The discovery of gold in the Black Hills of South Dakota in 1874 by members of the Custer Expedition sparked a gold rush that helped precipitate the Great Sioux War of 1876-77. The war culminated with the Battle of the Little Bog Horn and the expropriation of the Black Hills from the Great Sioux Resrvation. The famous Homestake mine in Lead, S.D., was located in April 1876 during th infancy of the gold rush. George Hearst and other California capitalists purchased the mine in 1877. Throughout its life, the mine produced 40 million oz of gold before being closed in 2001.
All of this is revealed in a new book, Nuggets to Neutrinos: The Homestake Story, written by Steven T. Mitchell. A native and life-long resident of the Black Hills (and long-time E&MJ reader), Mitchell graduated from the South Dakato School of Mines with a BS and MS in Mining Engineering. During his mining career with the Homestake Mining Co., he held various engineering and management positions at the Homestake mine. The book was written by a miner for miners.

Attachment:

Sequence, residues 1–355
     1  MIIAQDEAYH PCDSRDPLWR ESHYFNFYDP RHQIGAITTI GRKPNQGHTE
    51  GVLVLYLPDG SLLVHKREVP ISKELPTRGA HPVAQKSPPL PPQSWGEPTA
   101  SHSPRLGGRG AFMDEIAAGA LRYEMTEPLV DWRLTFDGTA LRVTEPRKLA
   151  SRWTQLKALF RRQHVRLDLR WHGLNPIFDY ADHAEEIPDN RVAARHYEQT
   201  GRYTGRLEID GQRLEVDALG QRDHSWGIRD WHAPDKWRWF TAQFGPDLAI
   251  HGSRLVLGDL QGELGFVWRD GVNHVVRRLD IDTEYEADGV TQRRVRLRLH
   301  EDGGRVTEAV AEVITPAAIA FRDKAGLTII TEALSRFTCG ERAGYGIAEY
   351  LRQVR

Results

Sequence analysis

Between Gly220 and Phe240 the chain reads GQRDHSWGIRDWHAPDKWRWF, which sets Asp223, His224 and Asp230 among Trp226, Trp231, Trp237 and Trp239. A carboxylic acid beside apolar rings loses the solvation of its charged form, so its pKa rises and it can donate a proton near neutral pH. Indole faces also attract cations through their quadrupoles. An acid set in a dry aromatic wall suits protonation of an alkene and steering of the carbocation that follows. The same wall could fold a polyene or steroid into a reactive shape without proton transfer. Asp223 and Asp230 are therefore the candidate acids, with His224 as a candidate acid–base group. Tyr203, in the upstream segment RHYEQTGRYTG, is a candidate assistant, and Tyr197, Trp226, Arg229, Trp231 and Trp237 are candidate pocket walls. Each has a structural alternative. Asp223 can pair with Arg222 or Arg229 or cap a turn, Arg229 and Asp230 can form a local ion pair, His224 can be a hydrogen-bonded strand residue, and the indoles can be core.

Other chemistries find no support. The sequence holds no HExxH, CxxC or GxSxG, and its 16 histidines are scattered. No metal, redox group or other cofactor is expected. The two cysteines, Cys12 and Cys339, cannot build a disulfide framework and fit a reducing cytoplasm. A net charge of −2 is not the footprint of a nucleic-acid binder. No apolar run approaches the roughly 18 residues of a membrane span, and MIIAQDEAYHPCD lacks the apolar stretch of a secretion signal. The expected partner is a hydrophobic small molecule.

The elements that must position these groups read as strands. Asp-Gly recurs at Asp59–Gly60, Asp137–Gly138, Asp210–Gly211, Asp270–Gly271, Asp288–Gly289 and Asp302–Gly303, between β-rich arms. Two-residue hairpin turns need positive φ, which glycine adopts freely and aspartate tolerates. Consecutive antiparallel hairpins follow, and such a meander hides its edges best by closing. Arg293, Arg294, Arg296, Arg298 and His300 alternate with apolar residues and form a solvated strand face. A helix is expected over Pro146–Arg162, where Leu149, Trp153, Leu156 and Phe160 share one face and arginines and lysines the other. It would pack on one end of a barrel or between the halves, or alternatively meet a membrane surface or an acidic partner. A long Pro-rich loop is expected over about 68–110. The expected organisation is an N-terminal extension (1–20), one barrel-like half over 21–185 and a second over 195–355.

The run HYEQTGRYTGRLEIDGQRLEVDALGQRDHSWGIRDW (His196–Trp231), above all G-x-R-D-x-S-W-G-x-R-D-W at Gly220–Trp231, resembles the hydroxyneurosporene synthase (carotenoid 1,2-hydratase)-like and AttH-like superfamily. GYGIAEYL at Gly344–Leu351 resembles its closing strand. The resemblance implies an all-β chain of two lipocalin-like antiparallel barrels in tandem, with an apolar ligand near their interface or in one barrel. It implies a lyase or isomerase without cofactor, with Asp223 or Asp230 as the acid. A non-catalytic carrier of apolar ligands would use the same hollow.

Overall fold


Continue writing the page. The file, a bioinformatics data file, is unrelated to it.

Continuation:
Much has been written about the Black Hills (Custer) Expedition of 1874, but only a few authors have described how the Black Hills were expropriated for the benefit of the U.S. and miners in particular, Mitchell explained. “Unfortunately, the entire Homestake story has not been told to date, primarily because of the longevity of the mine and the seemingly abstruse and arcane nature of much of the historical information,” Mitchell said. “Although the final chapter about Homestake’s mining history has been closed, a new chapter about science has opened.” Today the 8,000-ft deep underground mine is being transformed into a science and engineering laboratory where scientists will conduct research on dark matter, astrophysics double beta decay, and solar neutrinos—hence the name, Nuggets to Neutrinos. The 738-page hardcover book is available from Xlibris Corp.